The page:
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Hoffmann, R. A wiki for the life sciences where authorship matters. Nature Genetics (2008)

Dose-dependent metabolism of benzene in hamsters, rats, and mice.

The disposition of oral doses of [14C]benzene was investigated using a range of doses that included lower levels (0.02 and 0.1 mg/kg) than have been studied previously in rat, mouse, and in hamster, a species which has not been previously examined for its capacity to metabolize benzene. Saturation of metabolism of benzene was apparent as the dose increased, and a considerable percentage of the highest doses (100 mg/kg) was exhaled unchanged. Most of the remainder of the radioactivity was excreted as metabolites in urine, and significant metabolite-specific changes occurred as a function of dose and species. Phenyl sulfate was the predominant metabolite in rat urine at all dose levels (64-73% of urinary radioactivity), followed by prephenlmercapturic acid (10-11%). Phenyl sulfate (24-32%) and hydroquinone glucuronide (27-29%) were the predominant metabolites formed by mice. Mice produced considerably more muconic acid (15%), which is derived from the toxic metabolite muconaldehyde, than did rats (7%) at a dose of 0.1 mg/kg. Unlike both rats and mice, hydroquinone glucuronide (24-29%) and muconic acid (19-31%) were the primary urinary metabolites formed by hamsters. Two metabolites not previously detected in the urine of rats or mice after single doses, 1,2,4-trihydroxybenzene and catechol sulfate, were found in hamster urine. These data indicate the hamsters metabolize benzene to more highly oxidized, toxic products than do rats or mice.[1]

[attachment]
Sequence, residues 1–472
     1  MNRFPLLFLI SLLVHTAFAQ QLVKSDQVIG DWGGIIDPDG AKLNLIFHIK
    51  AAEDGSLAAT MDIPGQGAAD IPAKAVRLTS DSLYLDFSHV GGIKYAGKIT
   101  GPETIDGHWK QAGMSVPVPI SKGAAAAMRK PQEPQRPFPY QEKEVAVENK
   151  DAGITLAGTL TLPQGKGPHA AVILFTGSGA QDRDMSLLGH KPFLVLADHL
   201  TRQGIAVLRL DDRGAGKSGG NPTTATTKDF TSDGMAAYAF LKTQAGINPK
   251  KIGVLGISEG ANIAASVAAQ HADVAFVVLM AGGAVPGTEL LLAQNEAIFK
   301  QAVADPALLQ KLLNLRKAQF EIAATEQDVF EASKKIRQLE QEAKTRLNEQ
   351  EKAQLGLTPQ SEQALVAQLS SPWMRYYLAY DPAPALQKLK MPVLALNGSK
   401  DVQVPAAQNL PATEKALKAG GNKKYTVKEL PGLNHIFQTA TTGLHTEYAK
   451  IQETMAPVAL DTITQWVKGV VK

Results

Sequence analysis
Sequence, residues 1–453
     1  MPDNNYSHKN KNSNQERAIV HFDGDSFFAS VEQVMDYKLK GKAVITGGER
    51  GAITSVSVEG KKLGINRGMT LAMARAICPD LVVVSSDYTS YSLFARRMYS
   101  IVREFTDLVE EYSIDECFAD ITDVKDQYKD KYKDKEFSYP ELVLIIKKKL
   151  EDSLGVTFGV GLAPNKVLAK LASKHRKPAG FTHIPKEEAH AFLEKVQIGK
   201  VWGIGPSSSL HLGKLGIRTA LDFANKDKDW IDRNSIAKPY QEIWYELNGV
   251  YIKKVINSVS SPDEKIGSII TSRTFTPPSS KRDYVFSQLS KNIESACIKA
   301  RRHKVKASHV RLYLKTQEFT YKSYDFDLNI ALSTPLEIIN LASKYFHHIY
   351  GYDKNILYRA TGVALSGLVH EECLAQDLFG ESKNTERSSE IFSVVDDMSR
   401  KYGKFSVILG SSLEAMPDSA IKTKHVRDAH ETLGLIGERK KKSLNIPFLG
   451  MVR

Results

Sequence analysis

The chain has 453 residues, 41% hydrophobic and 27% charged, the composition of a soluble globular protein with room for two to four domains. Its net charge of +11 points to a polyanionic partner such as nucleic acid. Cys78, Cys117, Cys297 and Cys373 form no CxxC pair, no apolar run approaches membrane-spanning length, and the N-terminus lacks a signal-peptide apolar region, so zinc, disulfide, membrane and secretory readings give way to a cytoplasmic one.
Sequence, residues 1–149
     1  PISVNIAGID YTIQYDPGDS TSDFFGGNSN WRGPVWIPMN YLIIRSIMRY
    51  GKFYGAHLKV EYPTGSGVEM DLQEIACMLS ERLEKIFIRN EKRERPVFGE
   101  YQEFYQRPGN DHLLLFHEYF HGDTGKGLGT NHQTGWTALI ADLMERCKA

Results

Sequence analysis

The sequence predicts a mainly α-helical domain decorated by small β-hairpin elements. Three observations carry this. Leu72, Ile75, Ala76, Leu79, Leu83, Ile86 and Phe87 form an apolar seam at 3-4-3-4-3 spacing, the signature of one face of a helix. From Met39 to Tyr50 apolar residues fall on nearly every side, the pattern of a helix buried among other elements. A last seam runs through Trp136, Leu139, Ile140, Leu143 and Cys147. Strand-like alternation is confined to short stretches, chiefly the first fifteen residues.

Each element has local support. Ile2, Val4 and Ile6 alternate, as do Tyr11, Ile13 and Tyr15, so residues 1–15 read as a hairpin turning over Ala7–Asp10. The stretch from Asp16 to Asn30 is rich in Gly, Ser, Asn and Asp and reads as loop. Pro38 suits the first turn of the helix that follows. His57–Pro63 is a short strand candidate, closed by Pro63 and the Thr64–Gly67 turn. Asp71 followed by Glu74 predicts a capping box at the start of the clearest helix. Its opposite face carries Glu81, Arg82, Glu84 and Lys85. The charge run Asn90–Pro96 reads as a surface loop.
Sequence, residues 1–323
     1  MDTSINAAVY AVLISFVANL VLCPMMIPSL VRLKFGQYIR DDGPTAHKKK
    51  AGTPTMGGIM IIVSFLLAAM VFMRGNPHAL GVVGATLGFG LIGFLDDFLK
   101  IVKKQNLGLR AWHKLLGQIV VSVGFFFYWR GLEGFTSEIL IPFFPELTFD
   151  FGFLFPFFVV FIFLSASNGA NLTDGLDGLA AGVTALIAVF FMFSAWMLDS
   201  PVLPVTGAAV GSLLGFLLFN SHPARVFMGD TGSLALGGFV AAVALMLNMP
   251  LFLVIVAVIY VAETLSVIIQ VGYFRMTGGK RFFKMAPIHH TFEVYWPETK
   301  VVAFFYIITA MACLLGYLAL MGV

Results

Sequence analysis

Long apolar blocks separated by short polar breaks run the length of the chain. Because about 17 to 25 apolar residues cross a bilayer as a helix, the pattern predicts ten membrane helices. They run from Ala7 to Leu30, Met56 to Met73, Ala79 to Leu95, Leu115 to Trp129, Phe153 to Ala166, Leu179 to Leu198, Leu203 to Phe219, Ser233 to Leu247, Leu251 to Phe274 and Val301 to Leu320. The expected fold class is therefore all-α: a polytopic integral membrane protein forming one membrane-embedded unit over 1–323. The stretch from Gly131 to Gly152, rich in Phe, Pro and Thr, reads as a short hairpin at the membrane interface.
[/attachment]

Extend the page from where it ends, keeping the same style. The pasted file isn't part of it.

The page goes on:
1. Dose-dependent metabolism of benzene in hamsters, rats, and mice. Mathews, J.M., Etheridge, A.S., Matthews, H.B. Toxicol. Sci. (1998) [Pubmed]
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